I can also use images of any intermediate die states of Die Pair 4, which has a Weak D but never a No D so it is often overlooked. This die is noted for elongated lobes of die wear, or die polish, on the bottom of Lincoln's lapel. I have pictures of late die state coins with the lobes greatly exaggerated, and early die state coins with the die erosion just begun, but I would like to see some intermediate die state coins to try to prove whether the erorion was caused by excessive die erosion or by mechanical die polishing.

Finally, I could use high resolution images of any other interesting 1922-D Cent ephemera or errors, such as an original bag or roll for 1922-D cents, or major errors such as the massive die cud coin illustrated in David Lange's book "The Complete Guide to Lincoln Cents."

Thanks,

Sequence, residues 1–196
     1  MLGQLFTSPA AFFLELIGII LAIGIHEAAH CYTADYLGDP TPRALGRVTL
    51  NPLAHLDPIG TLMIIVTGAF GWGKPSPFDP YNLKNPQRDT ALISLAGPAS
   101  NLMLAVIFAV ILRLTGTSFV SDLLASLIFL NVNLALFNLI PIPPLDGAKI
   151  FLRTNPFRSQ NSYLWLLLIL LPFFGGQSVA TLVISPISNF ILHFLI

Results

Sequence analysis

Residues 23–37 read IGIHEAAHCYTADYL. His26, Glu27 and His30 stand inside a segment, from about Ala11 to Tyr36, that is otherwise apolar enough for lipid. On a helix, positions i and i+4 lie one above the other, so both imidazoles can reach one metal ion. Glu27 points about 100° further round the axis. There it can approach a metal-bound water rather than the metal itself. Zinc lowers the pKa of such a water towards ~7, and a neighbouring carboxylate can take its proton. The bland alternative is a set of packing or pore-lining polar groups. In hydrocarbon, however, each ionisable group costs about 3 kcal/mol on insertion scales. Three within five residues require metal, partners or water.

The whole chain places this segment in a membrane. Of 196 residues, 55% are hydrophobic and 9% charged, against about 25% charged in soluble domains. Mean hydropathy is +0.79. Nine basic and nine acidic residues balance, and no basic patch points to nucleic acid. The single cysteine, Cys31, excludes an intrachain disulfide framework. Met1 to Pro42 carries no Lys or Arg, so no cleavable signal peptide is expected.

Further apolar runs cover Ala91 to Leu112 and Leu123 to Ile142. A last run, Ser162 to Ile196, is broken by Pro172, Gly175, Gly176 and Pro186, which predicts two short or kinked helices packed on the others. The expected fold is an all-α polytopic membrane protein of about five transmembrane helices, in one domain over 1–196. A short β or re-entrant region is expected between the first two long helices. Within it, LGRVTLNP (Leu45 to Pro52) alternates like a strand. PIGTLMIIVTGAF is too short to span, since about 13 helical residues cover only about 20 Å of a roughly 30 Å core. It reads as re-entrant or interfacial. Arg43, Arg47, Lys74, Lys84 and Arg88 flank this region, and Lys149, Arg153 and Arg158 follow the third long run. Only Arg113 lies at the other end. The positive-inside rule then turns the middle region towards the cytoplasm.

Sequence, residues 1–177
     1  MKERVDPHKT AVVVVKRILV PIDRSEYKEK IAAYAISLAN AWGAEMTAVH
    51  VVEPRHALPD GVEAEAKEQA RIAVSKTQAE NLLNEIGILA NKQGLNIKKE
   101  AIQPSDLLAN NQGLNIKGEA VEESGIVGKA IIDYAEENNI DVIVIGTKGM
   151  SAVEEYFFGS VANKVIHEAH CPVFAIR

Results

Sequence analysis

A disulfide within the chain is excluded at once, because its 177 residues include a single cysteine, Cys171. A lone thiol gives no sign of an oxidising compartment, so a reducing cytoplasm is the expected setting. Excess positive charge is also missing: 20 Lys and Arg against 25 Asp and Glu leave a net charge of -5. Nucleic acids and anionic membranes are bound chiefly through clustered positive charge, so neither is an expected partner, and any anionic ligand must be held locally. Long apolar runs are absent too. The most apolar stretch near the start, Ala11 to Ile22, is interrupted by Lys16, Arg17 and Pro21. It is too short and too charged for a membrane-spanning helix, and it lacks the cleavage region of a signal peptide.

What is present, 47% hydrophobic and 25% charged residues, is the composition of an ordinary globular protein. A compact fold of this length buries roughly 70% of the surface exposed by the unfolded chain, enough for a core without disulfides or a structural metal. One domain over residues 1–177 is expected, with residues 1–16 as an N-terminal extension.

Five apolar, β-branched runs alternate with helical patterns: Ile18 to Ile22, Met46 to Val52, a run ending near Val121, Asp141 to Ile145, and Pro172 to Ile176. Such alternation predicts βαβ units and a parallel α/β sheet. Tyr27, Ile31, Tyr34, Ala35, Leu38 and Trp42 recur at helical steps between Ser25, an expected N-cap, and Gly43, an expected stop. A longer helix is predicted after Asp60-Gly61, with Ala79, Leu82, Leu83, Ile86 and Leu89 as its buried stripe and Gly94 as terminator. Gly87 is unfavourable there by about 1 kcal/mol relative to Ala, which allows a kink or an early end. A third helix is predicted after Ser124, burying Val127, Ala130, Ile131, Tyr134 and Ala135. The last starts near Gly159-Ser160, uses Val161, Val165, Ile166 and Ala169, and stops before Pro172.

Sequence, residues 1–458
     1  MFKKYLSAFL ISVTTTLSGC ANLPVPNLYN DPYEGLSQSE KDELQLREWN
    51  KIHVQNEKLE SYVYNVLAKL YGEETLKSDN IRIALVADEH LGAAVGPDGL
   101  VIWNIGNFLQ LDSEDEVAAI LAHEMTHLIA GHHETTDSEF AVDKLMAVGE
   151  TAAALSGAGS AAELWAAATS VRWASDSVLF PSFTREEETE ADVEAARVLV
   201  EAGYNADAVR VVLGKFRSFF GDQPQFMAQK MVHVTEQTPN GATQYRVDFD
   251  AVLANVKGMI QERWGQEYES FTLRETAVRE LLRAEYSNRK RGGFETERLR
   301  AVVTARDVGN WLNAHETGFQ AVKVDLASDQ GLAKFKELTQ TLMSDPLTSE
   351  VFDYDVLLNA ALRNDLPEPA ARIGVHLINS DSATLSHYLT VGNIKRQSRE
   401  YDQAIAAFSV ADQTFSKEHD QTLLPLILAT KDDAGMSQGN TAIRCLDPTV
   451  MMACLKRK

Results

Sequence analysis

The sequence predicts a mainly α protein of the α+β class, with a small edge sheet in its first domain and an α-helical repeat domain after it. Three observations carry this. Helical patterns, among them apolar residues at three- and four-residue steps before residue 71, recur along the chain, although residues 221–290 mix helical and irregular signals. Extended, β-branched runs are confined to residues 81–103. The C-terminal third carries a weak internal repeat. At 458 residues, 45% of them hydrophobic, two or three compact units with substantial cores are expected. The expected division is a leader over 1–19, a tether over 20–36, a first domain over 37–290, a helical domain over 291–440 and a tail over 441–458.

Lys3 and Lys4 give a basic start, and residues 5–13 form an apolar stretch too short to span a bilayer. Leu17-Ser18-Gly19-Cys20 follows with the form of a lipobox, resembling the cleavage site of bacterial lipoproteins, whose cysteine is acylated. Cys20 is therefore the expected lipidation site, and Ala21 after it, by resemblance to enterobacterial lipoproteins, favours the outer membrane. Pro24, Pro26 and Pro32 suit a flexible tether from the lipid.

Tom DeLorey

Numismatist. 50 year member ANA. Winner of four ANA Heath Literary Awards; three Wayte and Olga Raymond Literary Awards; Numismatist of the Year Award 2009, and Lifetime Achievement Award 2020. Winner numerous NLG Literary Awards.
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Comments

  • messydeskmessydesk Posts: 19,679 ✭✭✭✭✭
    edited October 30, 2019 10:44AM

    Good luck!

    One thing popped into my mind when you mentioned die erosion. 1921-D Morgan dollars seldom show much die erosion. The typical 21-D Morgan is sharply detailed. The dies did often develop interesting cracks and breaks. 1922-D Peace dollars I haven't studied as closely to see if they seem to have been similarly hardened. If 1922-D cent dies frequently "mushed out", what was so different between them and the dollar dies? Perhaps it was just who prepared which set of dies when, and someone screwed up hardening a bunch of cent dies. Perhaps the lessons of all the cracked and broken dies in 1921 caused them to change their procedures for 1922.